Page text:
With the introduction of pharmacogenetics, pharmaceutical companies will be in a position to create drugs based on the enzymes, proteins, and RNA molecules that relate to people’s genes and illnesses (Chung, 2017).

Besides, pharmacogenetics will encourage drug discovery and enable drug manufacturers to develop treatments that are more targeted to specific diseases. As a result, it will provide safety and accuracy it medication, which will, in turn, optimize therapeutic effects, as well as reduce related damages surrounding cells (Chung, 2017).

Moreover, with pharmacogenetics, physicians will be in apposition to analyze patients’ genetic profiles, as well as prescribe the best available medication from the start of treatment, as opposed to the standard trial-and-error technique of matching patients with drugs perceived to be the most appropriate (Chung, 2017).

Pharmacogenetics will, therefore, eliminate guesswork in determining the right drug for a patient, speed the patient's recovery time, as well as increase safety due to the possible elimination of adverse reactions (Chung, 2017).

Personalized Drug Dosages

Additionally, with the introduction of pharmacogenetics, the current techniques of basing drug dosages on age and weight will be substituted with dosages based on an individual's genetics. In other words, drug dosages will depend on how well a patient's body processes the drugs and the duration it takes to metabolize such medicines (Alhara, 2011).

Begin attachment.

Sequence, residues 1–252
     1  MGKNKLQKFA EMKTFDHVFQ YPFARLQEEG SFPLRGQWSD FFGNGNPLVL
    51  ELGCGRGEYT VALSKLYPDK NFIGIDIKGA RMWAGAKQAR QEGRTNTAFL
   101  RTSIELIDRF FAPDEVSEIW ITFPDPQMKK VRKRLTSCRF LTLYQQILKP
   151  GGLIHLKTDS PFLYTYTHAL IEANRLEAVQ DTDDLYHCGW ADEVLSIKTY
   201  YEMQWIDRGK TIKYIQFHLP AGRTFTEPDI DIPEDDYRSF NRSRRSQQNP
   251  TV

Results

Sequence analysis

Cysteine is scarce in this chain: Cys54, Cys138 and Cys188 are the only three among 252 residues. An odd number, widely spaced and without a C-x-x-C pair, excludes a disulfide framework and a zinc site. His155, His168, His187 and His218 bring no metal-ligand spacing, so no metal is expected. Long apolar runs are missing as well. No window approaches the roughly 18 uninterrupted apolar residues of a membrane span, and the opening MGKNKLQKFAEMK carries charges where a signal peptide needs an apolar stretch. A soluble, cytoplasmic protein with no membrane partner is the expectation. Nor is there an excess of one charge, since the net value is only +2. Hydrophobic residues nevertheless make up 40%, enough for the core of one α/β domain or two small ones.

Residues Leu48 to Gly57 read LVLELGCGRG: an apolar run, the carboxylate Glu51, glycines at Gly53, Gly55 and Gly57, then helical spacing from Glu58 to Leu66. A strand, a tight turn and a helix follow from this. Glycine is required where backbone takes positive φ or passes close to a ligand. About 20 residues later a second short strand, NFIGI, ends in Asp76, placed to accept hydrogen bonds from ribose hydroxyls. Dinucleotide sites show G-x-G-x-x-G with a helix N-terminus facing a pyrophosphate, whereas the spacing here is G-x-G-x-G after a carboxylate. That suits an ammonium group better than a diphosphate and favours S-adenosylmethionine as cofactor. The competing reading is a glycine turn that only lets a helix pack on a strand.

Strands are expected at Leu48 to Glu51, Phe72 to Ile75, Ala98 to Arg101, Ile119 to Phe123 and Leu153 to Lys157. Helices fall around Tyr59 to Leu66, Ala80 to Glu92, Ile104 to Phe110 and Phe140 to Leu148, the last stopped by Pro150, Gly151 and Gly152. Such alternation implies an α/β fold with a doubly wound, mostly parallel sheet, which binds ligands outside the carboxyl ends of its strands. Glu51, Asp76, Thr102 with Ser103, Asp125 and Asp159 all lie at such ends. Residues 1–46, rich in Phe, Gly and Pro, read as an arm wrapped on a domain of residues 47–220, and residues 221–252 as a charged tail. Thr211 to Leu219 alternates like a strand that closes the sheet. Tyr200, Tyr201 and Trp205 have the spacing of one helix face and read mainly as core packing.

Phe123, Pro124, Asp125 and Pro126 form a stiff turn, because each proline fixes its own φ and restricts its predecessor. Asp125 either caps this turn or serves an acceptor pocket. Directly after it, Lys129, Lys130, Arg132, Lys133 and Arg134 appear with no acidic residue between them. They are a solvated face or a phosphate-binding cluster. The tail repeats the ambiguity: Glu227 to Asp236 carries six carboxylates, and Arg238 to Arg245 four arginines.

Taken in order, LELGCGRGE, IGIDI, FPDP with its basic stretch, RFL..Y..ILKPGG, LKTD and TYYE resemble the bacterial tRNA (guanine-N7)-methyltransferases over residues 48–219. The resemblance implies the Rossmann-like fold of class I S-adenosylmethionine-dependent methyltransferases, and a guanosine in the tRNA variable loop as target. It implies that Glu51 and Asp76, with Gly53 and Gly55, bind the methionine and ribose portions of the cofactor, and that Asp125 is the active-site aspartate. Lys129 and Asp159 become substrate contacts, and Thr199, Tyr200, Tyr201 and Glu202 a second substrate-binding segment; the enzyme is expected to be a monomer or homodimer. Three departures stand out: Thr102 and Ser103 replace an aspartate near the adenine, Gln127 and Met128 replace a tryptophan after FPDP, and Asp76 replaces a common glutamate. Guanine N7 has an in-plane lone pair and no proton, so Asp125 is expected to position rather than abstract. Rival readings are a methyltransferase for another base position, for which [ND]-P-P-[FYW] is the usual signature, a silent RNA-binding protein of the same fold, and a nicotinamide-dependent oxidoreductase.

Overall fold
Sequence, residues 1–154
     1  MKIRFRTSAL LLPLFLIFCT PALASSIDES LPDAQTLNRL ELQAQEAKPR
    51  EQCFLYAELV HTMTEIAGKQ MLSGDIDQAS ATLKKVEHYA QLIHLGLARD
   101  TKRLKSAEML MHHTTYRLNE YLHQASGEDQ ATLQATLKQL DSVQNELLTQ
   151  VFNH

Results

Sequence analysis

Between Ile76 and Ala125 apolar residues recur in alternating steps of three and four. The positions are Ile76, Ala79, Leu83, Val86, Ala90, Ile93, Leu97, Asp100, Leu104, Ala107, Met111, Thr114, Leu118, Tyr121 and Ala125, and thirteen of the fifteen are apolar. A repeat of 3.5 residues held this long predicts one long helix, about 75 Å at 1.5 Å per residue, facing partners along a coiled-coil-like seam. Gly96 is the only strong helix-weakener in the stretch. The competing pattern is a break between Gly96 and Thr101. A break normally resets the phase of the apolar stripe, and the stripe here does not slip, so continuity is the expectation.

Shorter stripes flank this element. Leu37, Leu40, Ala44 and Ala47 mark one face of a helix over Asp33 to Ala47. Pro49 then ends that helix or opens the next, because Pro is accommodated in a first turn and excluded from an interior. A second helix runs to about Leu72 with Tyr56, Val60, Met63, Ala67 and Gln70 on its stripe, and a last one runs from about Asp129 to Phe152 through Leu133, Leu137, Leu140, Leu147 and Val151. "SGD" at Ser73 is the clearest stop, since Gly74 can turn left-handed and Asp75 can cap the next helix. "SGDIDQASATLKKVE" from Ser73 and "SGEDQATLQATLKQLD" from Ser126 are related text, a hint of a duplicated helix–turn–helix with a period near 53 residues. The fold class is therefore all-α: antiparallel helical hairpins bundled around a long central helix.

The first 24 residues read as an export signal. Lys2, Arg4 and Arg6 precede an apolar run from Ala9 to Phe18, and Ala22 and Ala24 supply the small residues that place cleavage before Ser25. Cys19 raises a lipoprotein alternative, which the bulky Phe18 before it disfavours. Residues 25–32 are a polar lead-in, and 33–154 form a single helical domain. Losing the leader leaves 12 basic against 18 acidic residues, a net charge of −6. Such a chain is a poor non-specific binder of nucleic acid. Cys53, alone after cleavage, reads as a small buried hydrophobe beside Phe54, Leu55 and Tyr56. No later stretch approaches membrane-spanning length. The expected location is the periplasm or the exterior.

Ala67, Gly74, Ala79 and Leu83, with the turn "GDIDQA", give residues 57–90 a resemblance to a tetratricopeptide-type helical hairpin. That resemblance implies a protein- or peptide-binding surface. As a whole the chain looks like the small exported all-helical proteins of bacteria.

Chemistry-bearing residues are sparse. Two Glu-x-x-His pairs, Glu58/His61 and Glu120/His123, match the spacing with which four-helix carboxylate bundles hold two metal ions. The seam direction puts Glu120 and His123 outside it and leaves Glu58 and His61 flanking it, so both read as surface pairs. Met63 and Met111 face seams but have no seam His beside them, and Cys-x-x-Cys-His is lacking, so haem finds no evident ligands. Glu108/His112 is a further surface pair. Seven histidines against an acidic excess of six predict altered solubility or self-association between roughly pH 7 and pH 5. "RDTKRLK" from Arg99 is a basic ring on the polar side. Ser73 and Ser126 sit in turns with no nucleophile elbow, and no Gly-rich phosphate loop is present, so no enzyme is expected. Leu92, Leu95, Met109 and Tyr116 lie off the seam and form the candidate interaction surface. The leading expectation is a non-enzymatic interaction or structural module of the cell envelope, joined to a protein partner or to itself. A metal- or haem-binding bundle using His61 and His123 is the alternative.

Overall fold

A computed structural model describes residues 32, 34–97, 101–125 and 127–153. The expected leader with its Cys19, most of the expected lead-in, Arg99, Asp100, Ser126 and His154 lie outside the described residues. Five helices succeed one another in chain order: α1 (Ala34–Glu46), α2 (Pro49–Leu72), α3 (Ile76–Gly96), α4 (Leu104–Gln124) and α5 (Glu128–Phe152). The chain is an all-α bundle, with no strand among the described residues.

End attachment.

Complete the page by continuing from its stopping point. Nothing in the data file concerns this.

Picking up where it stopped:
That will maximize the value of treatment and reduce the chances of overdose among patients. Informing people of their genetic codes will allow them to have appropriate lifestyles at an early age, which is helpful in avoiding or reducing the severity of genetic illnesses. Similarly, advance knowledge of the susceptibility of certain diseases will allow for careful monitoring and introduction of treatments at the most appropriate stage to optimize therapy (Alhara, 2011).


In overall, pharmacogenetics is a potential tool that seeks to maximize the benefit of treatment. It marks a radical advancement in he medical industry with specific objectives relating to personalized therapy, reduction of adverse drug reactions, improvement of drug efficacy, linkage of genotype with clinical genotype, prediction of disease susceptibility and drug response, as well as the identification of targets for new drugs. Traditionally, most medications got designed to work on the population level, as opposed to patient specific. Pharmacogenetics has revised that trend by refining the focus of treatment and making drugs or medications less toxic and more effective.


AIHARA, M. (2011). Pharmacogenetics of cutaneous adverse drug reactions. The Journal of Dermatology, 38(3), 246-254.

Chung, W. (2017). Pharmacogenetics of drug-induced severe cutaneous adverse drug reactions. Drug Metabolism and Pharmacokinetics, 32(1), S16.

Daly, A., & King, B. (2003). Pharmacogenetics of oral anticoagulants. Pharmacogenetics, 13(5), 247-252.

Grant, D. (2004). Pharmacogenetics and the regulation of gene transcription. Pharmacogenetics, 14(7), 391-393.